Kansas City-Style BBQ Sauce

Arthur Bryant's barbecue sauce bottle
Arthur Bryant's barbecue sauce bottle - Logan Bush/Shutterstock

Kansas City's barbecue sauce is what makes its regional style so unique. This condiment tends to be quite thick and is glopped on top of the meat rather than used as a baste or marinade. It generally has some type of tomato base with added brown sugar, vinegar, Worcestershire sauce, and spices to make for a sweet and tangy flavor, kind of like ketchup with a slightly smokier note.

Vajra Stratigos says that, for him, "The K.C. driver is all about reductive, stewed tomato with that distinctive, dense, often gooey richness that comes with promises of brown sugar sticky sweetness." He goes on to describe the sauce as "mouth-watering and nearly candied" and feels that, as far as wines go, "A similarly forward juicy red makes sense, so long as its complexity and structure are there." His top pick would be a cabernet franc, although he says that a South African pinotage might make for a serviceable second choice.

St. Louis-Style BBQ Sauce

St. Louis-style ribs with sauce
St. Louis-style ribs with sauce - Lauripatterson/Getty Images

St. Louis-style sauce starts out like the standard Kansas City-style condiment, but it adds an extra ingredient: cider vinegar, which gives it a tiny bit of apple-y tang. The extra vinegar also serves to thin out the sauce to some extent as well as cut down on a little of the sweetness. As a result, St. Louis' barbecue sauce leans slightly more toward the savory side than its Kansas City cousin.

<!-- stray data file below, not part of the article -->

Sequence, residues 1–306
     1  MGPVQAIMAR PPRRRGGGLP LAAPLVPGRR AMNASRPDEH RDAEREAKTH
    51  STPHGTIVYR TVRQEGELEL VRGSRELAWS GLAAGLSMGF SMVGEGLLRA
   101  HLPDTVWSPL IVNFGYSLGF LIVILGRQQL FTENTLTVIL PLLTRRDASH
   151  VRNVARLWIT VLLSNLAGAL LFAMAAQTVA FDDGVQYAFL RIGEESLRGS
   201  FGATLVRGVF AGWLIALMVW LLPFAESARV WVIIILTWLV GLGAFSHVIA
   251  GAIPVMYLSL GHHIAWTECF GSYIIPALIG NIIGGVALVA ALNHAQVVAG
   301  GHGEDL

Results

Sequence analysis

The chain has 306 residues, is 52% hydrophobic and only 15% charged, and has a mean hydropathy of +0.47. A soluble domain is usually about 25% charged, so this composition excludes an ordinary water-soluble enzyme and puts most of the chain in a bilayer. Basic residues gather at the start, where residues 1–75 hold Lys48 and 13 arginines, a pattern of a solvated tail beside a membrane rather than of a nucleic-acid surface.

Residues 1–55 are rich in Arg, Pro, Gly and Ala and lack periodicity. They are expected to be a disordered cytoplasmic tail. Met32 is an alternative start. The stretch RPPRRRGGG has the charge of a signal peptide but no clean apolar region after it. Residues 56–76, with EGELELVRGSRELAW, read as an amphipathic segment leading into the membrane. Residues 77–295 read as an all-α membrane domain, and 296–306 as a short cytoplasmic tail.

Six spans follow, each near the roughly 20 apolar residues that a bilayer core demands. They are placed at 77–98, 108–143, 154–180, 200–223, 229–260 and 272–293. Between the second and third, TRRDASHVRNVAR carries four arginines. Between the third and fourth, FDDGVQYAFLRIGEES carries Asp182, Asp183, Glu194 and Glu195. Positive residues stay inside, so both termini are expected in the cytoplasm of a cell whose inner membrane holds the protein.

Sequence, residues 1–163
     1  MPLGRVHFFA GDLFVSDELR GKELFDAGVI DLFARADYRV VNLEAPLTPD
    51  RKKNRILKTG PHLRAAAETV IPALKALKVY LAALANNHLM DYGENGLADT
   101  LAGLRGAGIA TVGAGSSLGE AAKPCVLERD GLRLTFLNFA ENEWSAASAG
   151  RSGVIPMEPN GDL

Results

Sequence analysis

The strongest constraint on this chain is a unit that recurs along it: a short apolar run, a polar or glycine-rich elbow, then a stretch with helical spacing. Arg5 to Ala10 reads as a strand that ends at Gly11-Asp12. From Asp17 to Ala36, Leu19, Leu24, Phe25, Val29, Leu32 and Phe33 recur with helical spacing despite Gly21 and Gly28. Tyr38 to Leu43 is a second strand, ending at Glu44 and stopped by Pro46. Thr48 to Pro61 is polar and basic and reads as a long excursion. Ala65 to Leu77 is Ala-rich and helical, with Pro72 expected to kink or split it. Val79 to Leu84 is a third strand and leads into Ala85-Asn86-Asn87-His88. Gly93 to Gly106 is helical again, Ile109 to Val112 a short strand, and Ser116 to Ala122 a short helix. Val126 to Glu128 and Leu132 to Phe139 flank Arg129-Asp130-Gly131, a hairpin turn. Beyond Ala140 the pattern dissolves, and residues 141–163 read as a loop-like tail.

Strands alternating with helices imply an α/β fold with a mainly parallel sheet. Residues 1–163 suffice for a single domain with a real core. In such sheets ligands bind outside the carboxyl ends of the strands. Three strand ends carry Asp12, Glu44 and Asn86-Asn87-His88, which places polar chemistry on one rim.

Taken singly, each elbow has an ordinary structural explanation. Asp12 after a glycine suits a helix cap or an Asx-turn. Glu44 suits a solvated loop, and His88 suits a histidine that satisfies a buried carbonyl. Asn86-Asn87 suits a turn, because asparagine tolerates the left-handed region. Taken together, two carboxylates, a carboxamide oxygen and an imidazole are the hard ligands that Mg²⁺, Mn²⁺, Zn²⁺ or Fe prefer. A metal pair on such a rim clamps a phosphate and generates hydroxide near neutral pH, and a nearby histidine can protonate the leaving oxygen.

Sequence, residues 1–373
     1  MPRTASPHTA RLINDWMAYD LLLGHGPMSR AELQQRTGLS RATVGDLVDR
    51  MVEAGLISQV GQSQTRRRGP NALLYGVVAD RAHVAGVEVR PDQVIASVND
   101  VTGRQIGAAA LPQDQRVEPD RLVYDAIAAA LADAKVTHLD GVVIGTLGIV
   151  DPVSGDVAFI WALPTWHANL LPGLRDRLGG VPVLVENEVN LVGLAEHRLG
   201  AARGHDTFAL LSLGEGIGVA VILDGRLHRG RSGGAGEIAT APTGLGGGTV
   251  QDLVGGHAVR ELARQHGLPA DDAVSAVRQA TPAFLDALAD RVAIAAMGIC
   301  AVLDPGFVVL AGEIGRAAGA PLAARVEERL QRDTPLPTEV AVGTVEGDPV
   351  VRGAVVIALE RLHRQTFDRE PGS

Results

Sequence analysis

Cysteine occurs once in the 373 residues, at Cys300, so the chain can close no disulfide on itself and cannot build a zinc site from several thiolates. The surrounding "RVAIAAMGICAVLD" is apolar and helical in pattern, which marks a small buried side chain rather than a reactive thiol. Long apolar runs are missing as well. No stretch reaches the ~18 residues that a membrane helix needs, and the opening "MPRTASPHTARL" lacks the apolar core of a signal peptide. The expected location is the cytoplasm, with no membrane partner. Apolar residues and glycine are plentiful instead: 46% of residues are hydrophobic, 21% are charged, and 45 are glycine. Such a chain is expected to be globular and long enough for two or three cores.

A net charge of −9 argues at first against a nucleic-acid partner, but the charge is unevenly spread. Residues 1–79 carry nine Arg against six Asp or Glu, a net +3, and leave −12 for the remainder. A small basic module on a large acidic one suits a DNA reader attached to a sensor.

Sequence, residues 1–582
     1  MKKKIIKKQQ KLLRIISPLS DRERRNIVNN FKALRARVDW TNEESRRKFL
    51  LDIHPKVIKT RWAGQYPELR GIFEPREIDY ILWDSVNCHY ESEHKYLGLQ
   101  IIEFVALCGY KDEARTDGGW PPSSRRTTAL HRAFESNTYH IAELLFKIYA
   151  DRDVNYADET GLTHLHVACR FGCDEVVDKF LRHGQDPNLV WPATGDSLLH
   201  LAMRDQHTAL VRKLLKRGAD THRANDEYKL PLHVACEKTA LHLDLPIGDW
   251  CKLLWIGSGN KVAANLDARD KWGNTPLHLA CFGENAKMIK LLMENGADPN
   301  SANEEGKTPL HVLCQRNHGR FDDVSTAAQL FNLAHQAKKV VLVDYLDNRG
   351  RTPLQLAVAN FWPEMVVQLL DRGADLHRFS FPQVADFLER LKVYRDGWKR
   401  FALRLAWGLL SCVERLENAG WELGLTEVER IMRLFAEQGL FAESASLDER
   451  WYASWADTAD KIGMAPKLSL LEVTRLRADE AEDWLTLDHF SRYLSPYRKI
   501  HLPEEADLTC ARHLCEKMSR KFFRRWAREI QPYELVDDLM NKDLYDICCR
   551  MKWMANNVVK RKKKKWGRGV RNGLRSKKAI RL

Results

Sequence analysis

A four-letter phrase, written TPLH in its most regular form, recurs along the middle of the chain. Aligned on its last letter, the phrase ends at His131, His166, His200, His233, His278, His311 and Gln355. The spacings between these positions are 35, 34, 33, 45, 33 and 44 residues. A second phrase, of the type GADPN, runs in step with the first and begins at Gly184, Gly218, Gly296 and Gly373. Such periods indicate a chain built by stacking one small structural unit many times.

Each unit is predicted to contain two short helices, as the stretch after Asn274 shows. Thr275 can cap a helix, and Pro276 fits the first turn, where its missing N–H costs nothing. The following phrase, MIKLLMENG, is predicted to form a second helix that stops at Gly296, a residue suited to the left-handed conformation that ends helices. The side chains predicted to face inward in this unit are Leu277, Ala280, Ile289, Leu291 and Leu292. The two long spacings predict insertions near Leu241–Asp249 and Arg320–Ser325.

While Vajra Stratigos characterizes St. Louis barbecue sauce as "another 'sweet-ish' or sweeter-than-not style," he feels that the cider vinegar "brings a sense of freshness and brightness that pushes the pure tomato flavor up and forward." It makes for a sauce he thinks is both leaner and more vegetal than the K.C. sauce. For this reason, he says, "If I was staring at a rack of St. Louis ribs and I wanted a killer wine, I'd go for something with plenty of fruit but perhaps a little more of that good vegetal vinous character." To be more specific, he would opt for a cabernet franc or carménère.

Carolina-Style BBQ Sauce

Carolina Gold barbecue sauce bottles
Carolina Gold barbecue sauce bottles - Billy F Blume Jr/Shutterstock